Costas Karageorghis, Dawn Rose, and Elias Mouchlianitis

Back to Brunel University London research assistant Luke Howard. “Part IV. Finale, Allegro Assai, Symphony No. 40 in G Minor, by Wolfgang Amadeus Mozart, is a rousing musical work for low-to-moderate intensity segments of your workout. It features what is known as a ‘Mannheim rocket,’ a roller coaster of a melody, which will get the heart and lungs pumping.”

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From North Korea, the Moranbong Band, also known as the Moran Hill Orchestra, was formed in 2012 by leader Kim Jong Un.

For our next musical recommendation, Luke Howard says “Prélude to Act 1 of Carmenby Georges Bizet, has a rip-roaring tempo (128 beats per minute) that whisks you through any demanding high-intensity segments of your workout. The exquisite melodic and harmonic features of this piece enable you to dissociate from the pain.”

Can Can Parisian Dancers Melbourne | Brisbane - Instinct Music

Good enough for can-can dancers, why not physical fitness buffs?

“Overall, whether classical music and exercise are a good match is something each of us needs to decide—musical taste is very personal. But why not mix it up a little? Variety in exercise keeps us fresh and invigorated, so consider a switch in musical accompaniment to keep yourself moving. Swap the rave music for Ravel and substitute breakbeat with a glorious blast of Beethoven.”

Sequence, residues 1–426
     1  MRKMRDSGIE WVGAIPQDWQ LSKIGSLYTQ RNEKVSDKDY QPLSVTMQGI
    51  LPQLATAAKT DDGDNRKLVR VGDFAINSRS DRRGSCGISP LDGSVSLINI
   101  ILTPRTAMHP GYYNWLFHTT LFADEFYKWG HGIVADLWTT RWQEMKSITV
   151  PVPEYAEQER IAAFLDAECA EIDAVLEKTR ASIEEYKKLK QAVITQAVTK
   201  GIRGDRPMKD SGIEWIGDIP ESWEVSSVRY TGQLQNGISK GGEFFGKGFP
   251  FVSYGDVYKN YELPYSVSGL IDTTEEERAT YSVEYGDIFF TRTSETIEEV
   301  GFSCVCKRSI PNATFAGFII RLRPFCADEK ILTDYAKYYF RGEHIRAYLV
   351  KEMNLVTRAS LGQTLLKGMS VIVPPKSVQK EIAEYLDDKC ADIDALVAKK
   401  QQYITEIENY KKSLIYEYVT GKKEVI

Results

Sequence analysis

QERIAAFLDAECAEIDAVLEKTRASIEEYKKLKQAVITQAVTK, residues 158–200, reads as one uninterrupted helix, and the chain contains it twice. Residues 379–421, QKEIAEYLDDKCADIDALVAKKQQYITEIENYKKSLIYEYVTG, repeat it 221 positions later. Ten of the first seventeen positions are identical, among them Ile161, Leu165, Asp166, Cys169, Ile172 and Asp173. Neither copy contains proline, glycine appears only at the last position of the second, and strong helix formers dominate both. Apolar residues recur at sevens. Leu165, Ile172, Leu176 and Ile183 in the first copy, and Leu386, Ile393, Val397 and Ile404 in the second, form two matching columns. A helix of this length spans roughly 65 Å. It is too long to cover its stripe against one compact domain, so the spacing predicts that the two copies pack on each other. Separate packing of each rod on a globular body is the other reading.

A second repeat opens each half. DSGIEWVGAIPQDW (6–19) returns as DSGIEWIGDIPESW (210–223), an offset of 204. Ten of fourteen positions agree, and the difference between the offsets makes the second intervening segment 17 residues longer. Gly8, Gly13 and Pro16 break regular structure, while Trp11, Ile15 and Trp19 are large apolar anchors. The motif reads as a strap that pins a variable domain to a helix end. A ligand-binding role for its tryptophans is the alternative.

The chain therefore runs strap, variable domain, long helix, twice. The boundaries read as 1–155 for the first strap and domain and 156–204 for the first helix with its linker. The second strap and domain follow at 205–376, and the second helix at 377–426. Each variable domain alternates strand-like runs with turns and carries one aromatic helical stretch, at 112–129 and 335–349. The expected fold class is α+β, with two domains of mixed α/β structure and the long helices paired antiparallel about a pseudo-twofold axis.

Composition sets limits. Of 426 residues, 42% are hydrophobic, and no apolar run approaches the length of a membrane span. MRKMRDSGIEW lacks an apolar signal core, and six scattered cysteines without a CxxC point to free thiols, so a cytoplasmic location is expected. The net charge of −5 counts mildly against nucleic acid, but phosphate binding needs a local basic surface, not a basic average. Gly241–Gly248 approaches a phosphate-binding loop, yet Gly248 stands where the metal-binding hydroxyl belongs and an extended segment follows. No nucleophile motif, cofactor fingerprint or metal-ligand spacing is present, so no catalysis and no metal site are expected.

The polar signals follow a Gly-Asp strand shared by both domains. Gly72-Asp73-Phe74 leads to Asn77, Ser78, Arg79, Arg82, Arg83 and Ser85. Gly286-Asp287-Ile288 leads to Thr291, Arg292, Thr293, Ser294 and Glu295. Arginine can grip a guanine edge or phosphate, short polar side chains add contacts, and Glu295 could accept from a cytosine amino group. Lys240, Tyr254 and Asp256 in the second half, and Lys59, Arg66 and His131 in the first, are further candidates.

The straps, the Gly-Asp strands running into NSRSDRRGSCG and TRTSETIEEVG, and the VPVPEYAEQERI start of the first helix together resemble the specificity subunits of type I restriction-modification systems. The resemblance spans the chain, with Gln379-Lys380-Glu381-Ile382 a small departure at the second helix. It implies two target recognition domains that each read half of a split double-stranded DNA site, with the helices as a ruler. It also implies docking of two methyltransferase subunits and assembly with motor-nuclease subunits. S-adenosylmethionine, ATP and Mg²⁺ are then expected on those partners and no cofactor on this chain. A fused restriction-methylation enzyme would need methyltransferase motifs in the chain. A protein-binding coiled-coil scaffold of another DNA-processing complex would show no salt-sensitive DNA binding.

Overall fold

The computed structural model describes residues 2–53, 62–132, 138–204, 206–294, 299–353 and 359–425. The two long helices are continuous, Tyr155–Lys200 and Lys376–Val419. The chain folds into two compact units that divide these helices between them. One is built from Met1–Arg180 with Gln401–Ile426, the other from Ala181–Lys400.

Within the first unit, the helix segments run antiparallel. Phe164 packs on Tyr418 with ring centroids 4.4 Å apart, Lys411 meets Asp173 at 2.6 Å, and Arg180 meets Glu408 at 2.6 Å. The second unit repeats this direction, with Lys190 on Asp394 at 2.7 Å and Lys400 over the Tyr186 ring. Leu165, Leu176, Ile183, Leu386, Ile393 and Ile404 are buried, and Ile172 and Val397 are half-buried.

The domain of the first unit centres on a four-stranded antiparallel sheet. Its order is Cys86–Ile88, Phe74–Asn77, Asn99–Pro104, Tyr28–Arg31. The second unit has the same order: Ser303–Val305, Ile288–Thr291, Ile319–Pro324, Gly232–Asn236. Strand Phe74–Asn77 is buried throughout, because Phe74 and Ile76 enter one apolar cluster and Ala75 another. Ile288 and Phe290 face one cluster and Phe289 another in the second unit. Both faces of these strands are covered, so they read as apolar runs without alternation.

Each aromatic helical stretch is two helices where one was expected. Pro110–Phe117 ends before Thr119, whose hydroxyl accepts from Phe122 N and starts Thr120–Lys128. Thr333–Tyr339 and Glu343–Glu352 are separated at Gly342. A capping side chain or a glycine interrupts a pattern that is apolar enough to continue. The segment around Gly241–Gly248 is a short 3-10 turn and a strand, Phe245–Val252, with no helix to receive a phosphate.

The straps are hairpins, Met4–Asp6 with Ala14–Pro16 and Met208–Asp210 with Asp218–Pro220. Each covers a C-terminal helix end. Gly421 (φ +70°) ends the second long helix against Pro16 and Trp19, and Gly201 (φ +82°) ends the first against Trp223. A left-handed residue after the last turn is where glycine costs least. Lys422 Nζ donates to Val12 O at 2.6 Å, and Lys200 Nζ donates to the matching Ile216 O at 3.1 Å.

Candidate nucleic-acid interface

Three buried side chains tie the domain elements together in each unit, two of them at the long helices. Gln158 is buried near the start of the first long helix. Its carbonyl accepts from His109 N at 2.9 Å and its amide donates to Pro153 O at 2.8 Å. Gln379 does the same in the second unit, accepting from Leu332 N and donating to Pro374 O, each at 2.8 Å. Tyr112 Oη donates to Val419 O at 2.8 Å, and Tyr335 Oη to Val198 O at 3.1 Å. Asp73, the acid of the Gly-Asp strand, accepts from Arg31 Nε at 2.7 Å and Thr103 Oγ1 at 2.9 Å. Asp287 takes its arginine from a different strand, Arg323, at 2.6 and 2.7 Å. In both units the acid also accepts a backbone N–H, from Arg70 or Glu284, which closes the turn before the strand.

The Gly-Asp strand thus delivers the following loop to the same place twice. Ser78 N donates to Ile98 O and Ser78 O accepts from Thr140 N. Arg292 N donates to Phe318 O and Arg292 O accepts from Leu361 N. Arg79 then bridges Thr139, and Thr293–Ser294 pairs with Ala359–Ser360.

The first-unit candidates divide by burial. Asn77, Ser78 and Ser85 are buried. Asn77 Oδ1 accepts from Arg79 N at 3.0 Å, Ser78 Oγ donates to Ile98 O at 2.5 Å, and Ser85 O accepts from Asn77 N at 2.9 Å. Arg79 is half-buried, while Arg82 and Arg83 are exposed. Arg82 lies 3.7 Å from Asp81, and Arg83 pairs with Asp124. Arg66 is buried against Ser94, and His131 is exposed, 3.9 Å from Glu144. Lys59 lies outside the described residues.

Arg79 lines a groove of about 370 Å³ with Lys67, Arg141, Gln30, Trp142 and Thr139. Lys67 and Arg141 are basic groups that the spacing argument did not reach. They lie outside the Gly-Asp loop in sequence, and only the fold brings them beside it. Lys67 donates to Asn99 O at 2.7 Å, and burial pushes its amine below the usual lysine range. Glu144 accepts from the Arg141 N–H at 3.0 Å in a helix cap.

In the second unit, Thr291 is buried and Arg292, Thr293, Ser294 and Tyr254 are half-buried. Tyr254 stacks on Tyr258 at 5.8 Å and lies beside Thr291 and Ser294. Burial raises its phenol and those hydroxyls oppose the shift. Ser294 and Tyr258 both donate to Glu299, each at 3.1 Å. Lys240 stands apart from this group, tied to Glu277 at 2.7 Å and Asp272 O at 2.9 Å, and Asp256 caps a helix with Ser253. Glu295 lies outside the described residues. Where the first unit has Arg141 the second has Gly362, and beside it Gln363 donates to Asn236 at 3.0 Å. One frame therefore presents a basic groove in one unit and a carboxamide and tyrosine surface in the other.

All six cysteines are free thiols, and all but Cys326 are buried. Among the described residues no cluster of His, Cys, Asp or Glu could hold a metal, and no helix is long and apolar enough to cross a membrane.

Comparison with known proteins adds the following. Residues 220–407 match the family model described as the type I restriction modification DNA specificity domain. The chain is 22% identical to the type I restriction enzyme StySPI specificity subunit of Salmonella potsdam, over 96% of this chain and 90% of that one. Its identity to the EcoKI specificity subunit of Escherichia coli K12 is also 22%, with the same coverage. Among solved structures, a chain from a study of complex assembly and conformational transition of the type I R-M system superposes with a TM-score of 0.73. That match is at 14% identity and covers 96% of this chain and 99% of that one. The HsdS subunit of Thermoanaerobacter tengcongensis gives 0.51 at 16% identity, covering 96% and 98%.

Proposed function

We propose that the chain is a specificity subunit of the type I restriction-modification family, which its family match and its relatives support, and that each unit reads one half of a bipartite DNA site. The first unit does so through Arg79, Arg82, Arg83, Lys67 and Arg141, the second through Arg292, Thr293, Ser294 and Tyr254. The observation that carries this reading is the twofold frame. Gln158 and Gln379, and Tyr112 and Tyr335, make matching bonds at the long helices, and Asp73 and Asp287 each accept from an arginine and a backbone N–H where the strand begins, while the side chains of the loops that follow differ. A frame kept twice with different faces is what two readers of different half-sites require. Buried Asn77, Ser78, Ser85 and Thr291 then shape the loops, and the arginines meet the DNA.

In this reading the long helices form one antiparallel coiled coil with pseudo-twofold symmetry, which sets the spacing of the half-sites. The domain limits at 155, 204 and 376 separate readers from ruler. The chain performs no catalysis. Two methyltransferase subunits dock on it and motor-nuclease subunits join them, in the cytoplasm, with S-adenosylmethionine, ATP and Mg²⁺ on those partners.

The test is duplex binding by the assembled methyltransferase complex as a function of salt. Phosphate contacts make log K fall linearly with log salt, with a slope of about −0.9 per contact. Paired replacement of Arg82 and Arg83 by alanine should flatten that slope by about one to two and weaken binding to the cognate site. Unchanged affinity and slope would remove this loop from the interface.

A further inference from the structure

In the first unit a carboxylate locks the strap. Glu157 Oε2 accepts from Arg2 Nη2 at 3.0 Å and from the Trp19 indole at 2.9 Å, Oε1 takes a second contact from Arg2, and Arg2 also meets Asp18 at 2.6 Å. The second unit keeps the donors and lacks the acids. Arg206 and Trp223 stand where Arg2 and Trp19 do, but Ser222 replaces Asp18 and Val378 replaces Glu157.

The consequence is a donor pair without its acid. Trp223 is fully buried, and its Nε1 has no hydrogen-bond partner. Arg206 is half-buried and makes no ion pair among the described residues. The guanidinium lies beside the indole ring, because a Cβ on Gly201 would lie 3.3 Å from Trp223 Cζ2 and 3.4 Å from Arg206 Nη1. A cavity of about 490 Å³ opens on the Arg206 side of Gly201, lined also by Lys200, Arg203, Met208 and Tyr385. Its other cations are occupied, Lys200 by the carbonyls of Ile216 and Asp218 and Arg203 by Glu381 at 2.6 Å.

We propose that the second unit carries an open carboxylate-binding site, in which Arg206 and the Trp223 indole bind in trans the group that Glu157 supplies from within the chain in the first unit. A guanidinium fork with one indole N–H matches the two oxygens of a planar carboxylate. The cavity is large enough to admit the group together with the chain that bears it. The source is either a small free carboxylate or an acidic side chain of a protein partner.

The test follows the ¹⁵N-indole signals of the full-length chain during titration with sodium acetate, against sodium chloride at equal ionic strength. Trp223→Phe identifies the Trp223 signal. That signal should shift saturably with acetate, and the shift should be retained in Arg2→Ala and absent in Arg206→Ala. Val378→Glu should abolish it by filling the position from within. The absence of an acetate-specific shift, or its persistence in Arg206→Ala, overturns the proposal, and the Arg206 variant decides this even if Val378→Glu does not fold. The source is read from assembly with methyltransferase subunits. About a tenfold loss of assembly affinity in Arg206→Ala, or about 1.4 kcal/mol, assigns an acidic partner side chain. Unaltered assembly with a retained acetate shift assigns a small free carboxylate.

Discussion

Costas Karageorghis, Dawn Rose, and Elias Mouchlianitis

Our final recommendation from Luke Howard: “Concerto No. 1 in E Major, Op.8, ‘La Primavera by Antonio Vivaldi, is great for a warm-down, and keeping a spring in your stride as you gradually return toward a resting state. The beautifully orchestrated strings give this opus a pronounced recuperative quality.”

That’s it for this week.

Goodnight.

Sleep well.

Have a great weekend.

“For a post-workout application, the music needs to be calming and revitalizing in order to expedite the body’s return to a resting state. An archetypal piece for this is Erik Satie’s Gymnopedie No. 1, that envelopes the listener and treats tired muscles to a sonic massage.”
Costas Karageorghis, Dawn Rose, and Elias Mouchlianitis

One thought on “Goodnight everyone, and have a classy workout of a weekend!

  1. Pingback: My Most Popular Blogs (02/01/21) | This Just In… From Franklin, WI